Ancestral Roofs

"In Praise of Older Buildings"

Monday, April 19, 2010


I have intense memories of several months spent in a tidy neighbourhood like this one, comprised of hundreds of houses just like these when I was just five years old. Coming from a large farm and a rambling old farmhouse, I found the uniformity and density of the neighbourhood overwhelming. Shy and introvert, I found the hundreds of kids and their boisterous social ease disconcerting. Although I had longed to go to school, the city kindergarten where I spent two months with my cousin Terry was full of unexplained terrors. My lovely English war-bride aunt and my Hasty P's veteran uncle had their own troubles but they took me in nevertheless, while my mother was pregnant and very ill. I spent three months with them and by the time I returned home my little brother had arrived and stolen their hearts.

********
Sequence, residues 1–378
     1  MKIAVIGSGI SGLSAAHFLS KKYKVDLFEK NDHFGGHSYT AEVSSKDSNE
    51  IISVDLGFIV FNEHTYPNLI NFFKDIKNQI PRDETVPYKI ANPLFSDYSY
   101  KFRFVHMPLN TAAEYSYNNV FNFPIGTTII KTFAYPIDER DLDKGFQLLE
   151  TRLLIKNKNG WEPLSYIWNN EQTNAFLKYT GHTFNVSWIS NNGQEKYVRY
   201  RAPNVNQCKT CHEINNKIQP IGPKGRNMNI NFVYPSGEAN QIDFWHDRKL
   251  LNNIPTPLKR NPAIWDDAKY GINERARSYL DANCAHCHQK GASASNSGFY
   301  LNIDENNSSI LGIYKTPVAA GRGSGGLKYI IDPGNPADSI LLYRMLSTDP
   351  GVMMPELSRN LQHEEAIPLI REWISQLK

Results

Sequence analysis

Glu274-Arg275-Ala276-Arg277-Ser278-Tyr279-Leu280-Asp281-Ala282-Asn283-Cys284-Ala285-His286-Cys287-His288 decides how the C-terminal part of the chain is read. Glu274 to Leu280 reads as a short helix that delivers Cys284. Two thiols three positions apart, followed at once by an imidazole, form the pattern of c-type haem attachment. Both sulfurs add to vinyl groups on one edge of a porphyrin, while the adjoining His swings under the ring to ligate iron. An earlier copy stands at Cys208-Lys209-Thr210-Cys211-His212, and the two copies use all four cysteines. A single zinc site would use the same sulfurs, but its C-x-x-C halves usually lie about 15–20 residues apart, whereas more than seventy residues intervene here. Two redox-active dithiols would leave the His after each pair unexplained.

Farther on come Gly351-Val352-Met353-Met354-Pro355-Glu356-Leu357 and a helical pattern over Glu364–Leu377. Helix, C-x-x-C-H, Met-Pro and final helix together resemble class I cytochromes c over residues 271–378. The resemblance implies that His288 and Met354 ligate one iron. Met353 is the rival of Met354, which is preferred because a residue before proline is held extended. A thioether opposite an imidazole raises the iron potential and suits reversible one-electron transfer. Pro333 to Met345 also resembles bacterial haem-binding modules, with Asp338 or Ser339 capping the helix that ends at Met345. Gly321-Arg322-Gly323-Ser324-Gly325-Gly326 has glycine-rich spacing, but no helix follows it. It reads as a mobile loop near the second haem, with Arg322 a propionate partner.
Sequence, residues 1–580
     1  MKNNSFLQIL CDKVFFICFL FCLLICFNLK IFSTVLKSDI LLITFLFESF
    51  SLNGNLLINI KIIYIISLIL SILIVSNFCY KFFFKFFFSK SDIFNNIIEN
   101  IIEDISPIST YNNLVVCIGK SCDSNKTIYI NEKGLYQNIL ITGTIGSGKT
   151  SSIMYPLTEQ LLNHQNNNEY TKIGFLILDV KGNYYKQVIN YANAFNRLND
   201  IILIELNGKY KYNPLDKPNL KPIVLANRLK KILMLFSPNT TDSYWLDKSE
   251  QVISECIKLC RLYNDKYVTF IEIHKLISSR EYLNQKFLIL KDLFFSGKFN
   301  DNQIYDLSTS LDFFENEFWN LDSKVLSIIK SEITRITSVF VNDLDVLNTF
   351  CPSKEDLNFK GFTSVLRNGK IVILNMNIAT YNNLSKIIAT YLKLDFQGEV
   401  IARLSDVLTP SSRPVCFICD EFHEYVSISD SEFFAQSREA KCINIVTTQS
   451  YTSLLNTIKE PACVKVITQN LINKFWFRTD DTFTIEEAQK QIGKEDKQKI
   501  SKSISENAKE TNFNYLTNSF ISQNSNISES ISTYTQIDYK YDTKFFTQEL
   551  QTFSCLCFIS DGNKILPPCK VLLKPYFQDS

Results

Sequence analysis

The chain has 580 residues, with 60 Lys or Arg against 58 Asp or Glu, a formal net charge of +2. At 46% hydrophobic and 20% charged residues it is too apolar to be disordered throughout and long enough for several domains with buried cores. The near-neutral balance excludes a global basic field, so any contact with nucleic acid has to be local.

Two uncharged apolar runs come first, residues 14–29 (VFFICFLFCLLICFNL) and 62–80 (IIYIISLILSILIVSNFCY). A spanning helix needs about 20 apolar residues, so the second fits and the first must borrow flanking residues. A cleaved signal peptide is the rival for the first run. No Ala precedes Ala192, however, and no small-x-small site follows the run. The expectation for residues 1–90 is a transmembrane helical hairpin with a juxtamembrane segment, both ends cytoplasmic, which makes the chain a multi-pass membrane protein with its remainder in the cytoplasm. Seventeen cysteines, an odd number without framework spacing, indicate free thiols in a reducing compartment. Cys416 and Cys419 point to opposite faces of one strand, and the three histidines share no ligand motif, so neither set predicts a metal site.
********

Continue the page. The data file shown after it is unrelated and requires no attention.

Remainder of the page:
Neighbourhoods such as this were created after WWII for returning military men and their families, through the Veteran's Land Act. The houses were prefabricated, neat one-and-a-half storey clapboard, with steep roofs, shallow eaves, multi-paned sash windows and no dormers. The busy neighbourhoods had street names like Montgomery and Victory. Life changed with the building of these little homes; the working class now had its own home. Suburban living had begun.
Someone once told me that the homes in one of the Victory neighbourhoods in our city were finished in surplus aircraft aluminum - unpainted I assume, as she tells me the area was called Tintown! Must check into that.

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